You can probably guess the effects this had on team morale. People were giving their best and had nothing to show for it. Everyone faced the same dilemma: Double down and risk burn-out? And what if even that doesn’t work? Or better draw a line, get some rest — and let the team down, maybe even cause irreparable damage to the business?
The coin drops
In January, I read an article in which Marten Mickos (of MySQL fame) says:
“The success of a CEO is measured by the results delivered.”
This statement made me realize that all of my many leadership efforts are moot if they don’t lead us to deliver what customers expect from us. And I finally admitted to myself that what caused our problems was not that people on the team didn’t know important from urgent, that they succumbed to scope creep, got lost in the details or did not take enough time off. Our failure was my failure.
A look in the mirror
My next step was to grab my favorite DevOps book — “The Phoenix Project”. When I picked it up for the first time, right when it came out in 2013, I found the similarities between its story and my former corporate home pretty hilarious. This time though, I recognized that the novel described… us.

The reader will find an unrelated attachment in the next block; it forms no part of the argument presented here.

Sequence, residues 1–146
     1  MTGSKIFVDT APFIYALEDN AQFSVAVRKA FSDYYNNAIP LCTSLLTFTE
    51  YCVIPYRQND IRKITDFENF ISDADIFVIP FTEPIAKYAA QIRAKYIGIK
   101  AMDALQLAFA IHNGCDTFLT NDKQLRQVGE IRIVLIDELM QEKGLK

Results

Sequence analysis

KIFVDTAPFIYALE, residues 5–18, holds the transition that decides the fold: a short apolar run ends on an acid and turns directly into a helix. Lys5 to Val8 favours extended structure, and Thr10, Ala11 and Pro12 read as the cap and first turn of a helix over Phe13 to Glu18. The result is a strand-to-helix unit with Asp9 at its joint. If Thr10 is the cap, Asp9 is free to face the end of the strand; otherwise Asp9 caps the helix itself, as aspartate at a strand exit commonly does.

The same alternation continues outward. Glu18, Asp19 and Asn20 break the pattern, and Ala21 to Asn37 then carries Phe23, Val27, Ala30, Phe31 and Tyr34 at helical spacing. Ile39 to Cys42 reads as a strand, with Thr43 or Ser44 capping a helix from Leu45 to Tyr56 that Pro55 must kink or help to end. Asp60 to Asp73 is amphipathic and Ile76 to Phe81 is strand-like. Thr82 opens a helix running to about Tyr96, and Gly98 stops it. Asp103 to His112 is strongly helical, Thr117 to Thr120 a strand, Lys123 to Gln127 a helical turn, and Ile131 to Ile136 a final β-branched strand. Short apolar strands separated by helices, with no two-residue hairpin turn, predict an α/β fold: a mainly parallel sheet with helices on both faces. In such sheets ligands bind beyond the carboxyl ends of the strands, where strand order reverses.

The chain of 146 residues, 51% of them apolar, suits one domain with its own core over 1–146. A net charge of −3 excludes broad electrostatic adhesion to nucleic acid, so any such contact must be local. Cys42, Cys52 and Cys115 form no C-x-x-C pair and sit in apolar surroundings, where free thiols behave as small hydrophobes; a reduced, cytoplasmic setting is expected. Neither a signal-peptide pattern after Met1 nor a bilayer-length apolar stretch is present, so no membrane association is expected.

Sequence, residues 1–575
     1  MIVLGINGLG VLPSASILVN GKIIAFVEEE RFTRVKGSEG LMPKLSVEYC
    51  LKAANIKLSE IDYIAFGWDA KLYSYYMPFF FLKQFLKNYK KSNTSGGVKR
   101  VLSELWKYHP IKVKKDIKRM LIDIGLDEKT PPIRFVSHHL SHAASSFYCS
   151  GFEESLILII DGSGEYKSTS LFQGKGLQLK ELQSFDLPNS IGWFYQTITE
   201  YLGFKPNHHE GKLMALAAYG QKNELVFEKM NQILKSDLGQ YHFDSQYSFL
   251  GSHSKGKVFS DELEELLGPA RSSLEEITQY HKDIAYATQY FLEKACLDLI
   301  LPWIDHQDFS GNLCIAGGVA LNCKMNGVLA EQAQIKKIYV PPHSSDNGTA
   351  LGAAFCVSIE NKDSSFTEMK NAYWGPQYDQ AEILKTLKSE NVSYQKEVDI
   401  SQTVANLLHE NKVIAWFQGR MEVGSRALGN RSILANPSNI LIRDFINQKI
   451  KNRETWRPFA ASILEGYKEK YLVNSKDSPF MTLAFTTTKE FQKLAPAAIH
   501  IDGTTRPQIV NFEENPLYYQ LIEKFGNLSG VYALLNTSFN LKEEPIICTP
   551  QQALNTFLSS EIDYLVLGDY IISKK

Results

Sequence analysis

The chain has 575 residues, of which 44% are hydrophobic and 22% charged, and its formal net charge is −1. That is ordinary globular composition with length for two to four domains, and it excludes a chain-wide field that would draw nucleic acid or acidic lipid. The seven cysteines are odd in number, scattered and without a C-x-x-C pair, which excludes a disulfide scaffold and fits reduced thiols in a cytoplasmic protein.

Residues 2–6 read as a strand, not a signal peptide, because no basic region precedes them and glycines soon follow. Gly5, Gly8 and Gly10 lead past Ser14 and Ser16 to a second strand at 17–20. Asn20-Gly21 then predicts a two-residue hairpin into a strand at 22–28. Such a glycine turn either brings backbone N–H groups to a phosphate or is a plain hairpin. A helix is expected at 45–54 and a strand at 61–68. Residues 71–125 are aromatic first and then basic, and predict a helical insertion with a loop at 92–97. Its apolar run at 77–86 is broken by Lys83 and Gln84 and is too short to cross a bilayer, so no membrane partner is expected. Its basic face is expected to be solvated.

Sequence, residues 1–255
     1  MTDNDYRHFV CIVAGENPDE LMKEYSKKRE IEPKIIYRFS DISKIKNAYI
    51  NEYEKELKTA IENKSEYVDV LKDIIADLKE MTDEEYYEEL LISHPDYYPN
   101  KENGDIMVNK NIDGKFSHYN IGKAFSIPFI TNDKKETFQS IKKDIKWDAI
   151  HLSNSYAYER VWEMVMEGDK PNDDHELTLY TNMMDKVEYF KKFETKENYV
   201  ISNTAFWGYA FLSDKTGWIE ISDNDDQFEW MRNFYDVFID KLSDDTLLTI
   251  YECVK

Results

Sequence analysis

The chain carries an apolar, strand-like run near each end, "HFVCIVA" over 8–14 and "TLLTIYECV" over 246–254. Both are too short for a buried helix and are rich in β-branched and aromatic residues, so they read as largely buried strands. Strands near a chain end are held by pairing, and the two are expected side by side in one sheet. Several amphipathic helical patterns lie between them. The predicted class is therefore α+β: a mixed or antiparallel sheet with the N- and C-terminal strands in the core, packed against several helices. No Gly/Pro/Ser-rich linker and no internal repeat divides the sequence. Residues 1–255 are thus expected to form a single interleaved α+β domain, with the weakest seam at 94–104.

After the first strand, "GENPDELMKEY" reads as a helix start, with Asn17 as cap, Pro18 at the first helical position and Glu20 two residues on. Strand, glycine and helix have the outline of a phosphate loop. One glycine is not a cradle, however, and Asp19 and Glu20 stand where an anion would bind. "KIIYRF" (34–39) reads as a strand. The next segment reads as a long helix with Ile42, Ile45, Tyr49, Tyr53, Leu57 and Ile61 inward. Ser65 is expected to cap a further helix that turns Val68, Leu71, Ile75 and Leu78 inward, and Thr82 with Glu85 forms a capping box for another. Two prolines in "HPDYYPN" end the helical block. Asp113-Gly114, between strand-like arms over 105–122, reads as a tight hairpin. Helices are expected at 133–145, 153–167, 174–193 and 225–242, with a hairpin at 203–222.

- Team members were actively taking on too much work.
- The team member most familiar with a topic instantly became the bottleneck.
- Unplanned work kept disrupting the flow.
- We did not have nearly enough visibility of work in progress.
- We had no clear way of deciding what tasks we’d tackle next.
And the book not only described our problems, it also pointed out how to solve them! First, we needed to maintain our focus by visualizing and, even more critical, limiting our work-in-progress. For longer-term planning, we had to find an efficient way to prioritize both business projects and internal initiatives. And to get our work finished quickly, we had to prevent unplanned stuff from getting in the way all the time.
We found solutions for all these issues. In the following parts of this series, I’m going to describe them in detail.